On p. 272 of Anarchy, State and Utopia, Nozick writes the following:
Economically well-off persons desire greater political power, in a nonminimal state, because they can sue this power to give themselves differential economic benefits. Where a locus of such power exists, it is not surprising that people attempt to use it for their own ends. The illegitimate use of a state by economic interests for their own ends is based upon a preexisting illegitimate power of the state to enrich some persons at the expense of others. Eliminate that illegitimate power of giving differential economic benefits and you eliminate or drastically restrict the motive for wanting political influence. True, some persons will thirst for political power, finding intrinsic satisfaction in dominating others. The minimal state best reduces the chances of such takeover or manipulation of the state by persons desiring power or economic benefits, especially if combined with a reasonably alert citizenry, since it is the minimally desirable target for such takeover or manipulation. Nothing much is to be gained by doing so; and the cost to the citizens if it occurs is minimized. To strengthen the state and extend the range of its functions as a way of preventing it from being used by some portions of the populace makes it a more valuable prize and a more alluring target for corrupting by anyone able to offer an officeholder something desirable; it is, to put it gently, a poor strategy.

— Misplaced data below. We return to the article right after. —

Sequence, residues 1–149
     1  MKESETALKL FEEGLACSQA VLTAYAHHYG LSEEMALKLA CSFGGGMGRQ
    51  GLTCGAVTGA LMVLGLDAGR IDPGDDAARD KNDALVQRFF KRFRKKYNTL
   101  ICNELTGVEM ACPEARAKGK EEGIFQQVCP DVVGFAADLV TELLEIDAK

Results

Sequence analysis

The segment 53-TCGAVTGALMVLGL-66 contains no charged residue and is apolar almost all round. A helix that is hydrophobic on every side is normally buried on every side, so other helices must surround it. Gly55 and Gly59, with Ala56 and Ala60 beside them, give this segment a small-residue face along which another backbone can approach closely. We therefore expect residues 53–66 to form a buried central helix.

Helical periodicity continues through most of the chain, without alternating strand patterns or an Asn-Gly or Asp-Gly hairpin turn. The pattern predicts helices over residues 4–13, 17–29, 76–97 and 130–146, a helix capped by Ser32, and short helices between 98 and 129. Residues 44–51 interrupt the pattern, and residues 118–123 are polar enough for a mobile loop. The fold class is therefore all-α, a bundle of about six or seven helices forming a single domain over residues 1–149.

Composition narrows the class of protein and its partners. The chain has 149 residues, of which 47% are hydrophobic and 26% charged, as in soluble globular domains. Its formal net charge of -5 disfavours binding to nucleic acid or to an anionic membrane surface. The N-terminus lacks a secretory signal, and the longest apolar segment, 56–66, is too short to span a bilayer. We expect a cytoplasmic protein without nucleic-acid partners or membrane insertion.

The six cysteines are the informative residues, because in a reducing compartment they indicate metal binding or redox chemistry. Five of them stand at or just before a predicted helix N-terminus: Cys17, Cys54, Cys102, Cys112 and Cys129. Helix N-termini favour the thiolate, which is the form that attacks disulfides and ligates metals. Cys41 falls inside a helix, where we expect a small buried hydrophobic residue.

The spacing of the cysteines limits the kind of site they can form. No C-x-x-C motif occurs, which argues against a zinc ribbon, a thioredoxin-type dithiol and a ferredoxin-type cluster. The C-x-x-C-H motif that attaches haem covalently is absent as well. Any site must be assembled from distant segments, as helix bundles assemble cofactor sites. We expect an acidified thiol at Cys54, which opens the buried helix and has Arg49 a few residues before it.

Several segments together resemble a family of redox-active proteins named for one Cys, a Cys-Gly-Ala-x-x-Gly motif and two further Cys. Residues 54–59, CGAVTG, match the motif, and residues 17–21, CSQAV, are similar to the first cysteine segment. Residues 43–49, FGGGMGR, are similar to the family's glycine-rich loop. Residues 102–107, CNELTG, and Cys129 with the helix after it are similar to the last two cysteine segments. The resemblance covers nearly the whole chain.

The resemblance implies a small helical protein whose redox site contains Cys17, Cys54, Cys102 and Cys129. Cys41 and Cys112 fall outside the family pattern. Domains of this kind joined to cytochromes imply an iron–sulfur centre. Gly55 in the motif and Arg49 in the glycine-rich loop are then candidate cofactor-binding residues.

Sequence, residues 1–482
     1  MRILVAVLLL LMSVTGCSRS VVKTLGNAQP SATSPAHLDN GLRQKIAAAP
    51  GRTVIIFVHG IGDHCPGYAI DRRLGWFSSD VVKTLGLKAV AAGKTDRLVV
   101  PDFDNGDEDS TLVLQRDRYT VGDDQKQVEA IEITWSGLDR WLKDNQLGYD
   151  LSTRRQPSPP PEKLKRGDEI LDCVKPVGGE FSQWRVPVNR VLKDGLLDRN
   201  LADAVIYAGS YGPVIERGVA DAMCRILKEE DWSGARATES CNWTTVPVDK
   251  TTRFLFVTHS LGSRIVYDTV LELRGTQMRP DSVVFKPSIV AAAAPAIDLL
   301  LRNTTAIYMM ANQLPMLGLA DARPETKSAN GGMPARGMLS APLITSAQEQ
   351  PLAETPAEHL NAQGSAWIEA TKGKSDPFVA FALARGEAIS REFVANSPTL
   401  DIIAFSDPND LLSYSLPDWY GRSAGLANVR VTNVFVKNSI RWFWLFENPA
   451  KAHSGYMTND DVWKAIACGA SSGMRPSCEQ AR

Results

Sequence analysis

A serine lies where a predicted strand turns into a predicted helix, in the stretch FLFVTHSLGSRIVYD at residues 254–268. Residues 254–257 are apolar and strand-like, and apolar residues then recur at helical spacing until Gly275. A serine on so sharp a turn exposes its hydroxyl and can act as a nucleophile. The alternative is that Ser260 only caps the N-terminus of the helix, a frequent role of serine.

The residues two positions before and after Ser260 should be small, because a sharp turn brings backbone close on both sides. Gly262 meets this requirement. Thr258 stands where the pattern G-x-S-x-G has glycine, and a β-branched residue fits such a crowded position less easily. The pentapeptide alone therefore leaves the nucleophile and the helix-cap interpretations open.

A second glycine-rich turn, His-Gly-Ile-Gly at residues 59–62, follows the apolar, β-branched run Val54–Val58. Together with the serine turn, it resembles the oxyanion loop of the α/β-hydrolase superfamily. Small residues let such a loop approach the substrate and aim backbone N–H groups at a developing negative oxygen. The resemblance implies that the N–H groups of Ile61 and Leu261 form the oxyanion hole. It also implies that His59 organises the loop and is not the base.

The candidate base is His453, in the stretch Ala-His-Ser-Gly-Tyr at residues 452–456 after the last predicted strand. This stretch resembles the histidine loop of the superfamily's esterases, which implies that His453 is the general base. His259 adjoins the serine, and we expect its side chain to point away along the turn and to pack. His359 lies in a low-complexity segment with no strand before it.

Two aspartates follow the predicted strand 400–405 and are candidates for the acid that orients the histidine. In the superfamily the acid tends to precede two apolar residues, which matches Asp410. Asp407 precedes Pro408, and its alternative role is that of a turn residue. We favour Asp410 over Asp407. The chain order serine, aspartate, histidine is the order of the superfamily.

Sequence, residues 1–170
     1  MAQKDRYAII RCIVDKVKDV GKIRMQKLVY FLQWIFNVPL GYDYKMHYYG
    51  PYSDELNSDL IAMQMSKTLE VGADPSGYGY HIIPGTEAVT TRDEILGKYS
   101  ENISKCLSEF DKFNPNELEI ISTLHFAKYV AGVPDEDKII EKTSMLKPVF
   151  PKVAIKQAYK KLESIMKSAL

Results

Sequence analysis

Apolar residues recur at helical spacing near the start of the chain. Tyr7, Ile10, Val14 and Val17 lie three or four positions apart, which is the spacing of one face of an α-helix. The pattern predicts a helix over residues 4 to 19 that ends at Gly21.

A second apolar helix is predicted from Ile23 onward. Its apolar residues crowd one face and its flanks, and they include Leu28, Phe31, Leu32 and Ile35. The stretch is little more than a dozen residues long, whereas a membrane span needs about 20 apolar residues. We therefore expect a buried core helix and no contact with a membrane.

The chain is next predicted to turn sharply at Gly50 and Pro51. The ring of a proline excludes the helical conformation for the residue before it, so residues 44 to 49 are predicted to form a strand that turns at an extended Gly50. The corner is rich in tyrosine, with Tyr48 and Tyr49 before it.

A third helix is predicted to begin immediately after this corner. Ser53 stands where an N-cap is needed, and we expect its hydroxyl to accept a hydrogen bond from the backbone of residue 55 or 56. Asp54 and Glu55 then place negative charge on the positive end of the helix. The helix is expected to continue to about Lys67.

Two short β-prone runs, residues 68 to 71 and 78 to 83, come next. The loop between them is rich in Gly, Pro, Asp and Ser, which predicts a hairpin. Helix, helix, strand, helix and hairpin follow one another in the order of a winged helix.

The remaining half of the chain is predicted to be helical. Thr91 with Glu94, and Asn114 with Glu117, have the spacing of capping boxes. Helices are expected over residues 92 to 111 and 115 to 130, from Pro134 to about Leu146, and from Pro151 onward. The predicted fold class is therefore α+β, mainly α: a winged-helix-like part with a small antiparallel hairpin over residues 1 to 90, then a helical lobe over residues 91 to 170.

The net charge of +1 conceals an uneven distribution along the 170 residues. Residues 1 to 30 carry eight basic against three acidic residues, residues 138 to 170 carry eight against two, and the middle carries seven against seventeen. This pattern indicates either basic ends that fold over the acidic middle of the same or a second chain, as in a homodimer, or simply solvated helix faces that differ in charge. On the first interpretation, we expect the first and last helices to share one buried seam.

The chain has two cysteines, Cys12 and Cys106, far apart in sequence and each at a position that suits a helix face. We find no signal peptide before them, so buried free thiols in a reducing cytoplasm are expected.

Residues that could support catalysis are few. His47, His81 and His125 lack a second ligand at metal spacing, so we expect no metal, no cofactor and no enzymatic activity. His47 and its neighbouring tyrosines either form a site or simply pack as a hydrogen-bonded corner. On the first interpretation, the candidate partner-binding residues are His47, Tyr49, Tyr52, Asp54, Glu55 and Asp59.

What does this say about the outrage that has been expressed about the bailouts directed at Wall Street? What does this say about questions about the scale and scope of state activity in general? How does it impact the way one must think through the BHL project?